Along the way Reyes touches on additional topics: religious hypocrisy (Lara’s rosary clutcher turns out to have the most colorfully profane mouth this side of Peter Capaldi), racism (the two men comment on the girl’s similarity to an actress in a Japanese bukkake video, then tell Jap jokes), financial hardship (“I need to leave [the country], my son’s going to college,” “My earnings on the road will never be enough”), and isolation (“It’s lonely growing old alone”). What distinguishes Reyes’s film from most others is his handling: deft, and sprinkled with a generous helping of Filipino humor.
Something most folks writing about the film don’t touch upon is how hard confined-space filmmaking can be. Hitchcock pulled it off in Lifeboat but only just; much of the story (by John Steinbeck) felt contrived and unconvincing (Will a bracelet really attract a fish, even with diamonds attached?). He doubled the challenge four years later in Rope, not just keeping his story to a single room but using a single long take (apparently) to film it; hit the jackpot six years later by taking a Cornell Woolrich short story, punching up the comedy and sex appeal (basically Grace Kelly) and calling it Rear Window.
Confined-space filmmaking is difficult to pull off; on a moving vehicle in actual traffic the problems are worse. Wright had the luxury of putting his car on a flatbed truck so that the actor (Tom Hardy, terrific) can concentrate on his acting. Panahi conceivably worked with a smaller budget — and government disapproval on top of everything — but with at most two or three passengers in the back and (from what I can see anyway) less dangerous traffic. Considering the logistics I submit that Reyes did a fine job — allow us a taste of Metro Manila traffic (the flow around Taft Avenue is some of the worse); give us a sense of the claustrophobia and heat; capture the isolation the sheer loneliness of Allen Paule’s driver.
And that I submit is the film’s key subject: loneliness in an overcrowded city — which is also Scorsese’s theme (Reyes pays tribute to the earlier film with a scene set at a carinderia [canteen] where the drivers stop and eat lunch with fellow drivers). You see it clearest in the visual paradox Reyes presents onscreen: all the people crammed in close proximity, only occasionally (briefly temporarily) making contact with each other; maybe the two people who understand each other best are Paule’s driver and Veloso’s caller, mostly in a series of unspoken glances and a pair of flip-flops given as a gift.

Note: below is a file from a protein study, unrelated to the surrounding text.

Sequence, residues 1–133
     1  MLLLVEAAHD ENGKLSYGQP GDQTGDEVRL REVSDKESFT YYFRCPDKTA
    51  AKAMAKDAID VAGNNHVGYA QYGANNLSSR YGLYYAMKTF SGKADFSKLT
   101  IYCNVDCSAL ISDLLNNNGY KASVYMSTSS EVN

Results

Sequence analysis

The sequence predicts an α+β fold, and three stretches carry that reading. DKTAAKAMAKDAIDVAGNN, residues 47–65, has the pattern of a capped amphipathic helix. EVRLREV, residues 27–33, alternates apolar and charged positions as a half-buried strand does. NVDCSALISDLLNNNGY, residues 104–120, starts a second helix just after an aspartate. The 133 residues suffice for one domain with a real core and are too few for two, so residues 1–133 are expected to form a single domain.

And when Paule’s driver finally (skip the rest of this paragraph if you plan to see the film!) reveals his full situation (he came back from Saudi to drive around Manila, looking for his missing wife) and said wife (Joy Viado) climbs into the front seat of his FX, the moment is bittersweet, as in Jacques Demy’s The Umbrellas of Cherbourg: it’s been years, they’ve moved on with their lives, much has happened that can’t be undone. Maybe the film’s weakness (or strength, if you like, as a crowd pleaser) is that Reyes can’t leave good enough alone: the incurable romantic in him (and I may be presumptuous in saying this, but if you’re Filipino you’re nothing if not incurably romantic) won’t let the wife go without dropping a few key details (she’s widowed; the guy she’s with [Gardo Verzosa, also funny] is her boyfriend of two years; she has three hours to spare). The finale may be considered ambiguous, with the film fading to black on Joy’s face slack-jawed with astonishment — but us incurable romantics know what happens next, of course. It’s like a law written into all Filipino storytelling.
MNL 143 is available on Cinetropa, a pay-online totally legal Web site.